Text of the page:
Set towards the end of the reign of Henry II of France, The Princesse de Cleves (1678) tells of the unspoken, unrequited love between the fair, noble Mme de Cleves, who is married to a loyal and faithful man, and the Duc de Nemours, a handsome man most female courtiers find irresistible. Warned by her mother against admitting her passion, Mme de Cleves hides her feelings from her fellow courtiers, until she finally confesses to her husband - an act that brings tragic consequences for all. Described as France's first modern novel, The Princesse de Cleves is an exquisite and profound analysis of the human heart, and a moving depiction of the inseparability of love and anguish.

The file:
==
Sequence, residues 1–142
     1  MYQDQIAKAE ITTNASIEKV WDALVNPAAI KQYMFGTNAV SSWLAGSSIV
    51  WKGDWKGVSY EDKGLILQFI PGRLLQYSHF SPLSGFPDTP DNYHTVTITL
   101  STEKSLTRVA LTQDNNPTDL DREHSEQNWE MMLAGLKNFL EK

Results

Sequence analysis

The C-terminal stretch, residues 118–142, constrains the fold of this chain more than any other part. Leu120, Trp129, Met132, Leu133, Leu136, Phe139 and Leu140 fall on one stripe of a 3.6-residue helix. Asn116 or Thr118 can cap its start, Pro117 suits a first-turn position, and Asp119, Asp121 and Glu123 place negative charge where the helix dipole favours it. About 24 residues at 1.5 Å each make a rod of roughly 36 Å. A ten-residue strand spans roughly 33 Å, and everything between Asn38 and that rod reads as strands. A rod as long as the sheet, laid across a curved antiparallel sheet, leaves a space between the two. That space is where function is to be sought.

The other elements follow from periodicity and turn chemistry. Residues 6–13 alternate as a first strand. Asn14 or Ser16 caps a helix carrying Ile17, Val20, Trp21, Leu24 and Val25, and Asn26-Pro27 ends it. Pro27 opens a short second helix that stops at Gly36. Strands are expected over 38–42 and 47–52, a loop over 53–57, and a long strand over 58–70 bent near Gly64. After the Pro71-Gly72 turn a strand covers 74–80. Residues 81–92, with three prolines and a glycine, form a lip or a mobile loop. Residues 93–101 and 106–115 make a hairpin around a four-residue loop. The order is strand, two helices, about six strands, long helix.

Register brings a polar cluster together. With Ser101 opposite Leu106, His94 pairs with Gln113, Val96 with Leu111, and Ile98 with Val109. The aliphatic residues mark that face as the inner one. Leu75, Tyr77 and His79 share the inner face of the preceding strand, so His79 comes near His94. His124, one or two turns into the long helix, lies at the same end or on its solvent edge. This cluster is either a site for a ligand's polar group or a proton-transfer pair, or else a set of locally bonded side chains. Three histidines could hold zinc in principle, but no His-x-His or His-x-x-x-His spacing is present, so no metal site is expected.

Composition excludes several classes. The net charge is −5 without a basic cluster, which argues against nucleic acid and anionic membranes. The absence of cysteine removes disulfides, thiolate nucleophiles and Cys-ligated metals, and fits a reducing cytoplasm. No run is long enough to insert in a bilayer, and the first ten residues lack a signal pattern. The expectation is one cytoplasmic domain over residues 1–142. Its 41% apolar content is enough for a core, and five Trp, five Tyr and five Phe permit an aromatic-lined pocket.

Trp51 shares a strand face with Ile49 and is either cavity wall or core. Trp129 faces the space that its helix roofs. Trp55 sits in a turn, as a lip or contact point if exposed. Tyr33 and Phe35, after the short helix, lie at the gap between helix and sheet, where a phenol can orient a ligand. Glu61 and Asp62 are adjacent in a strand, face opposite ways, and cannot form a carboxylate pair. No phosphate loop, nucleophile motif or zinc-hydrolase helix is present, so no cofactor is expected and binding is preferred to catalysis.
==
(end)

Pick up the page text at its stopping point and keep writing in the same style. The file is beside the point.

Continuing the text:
Marie-Madeleine Pioche de la Vergne was born in Paris in 1634. in 1656 she married the Comte de Lafayette, had two sons, and lived on his country estate. She then returned to Paris, and the couple remained largely separate from then on. She started a literary salon with her close friends Madame de Sevigne and the Duc de la Rochefoucauld. She also mixed in court circles and wrote a biography of her friend Henriette, wife of the Duc d'Orleans, after her death. She is mostly remembered for her novels. She died in 1693. Robin Buss is a writer and translator who works for the Independent on Sunday and as television critic for the Times Literary Supplement. He has published on Vigny and Coteau and written three books on European cinema.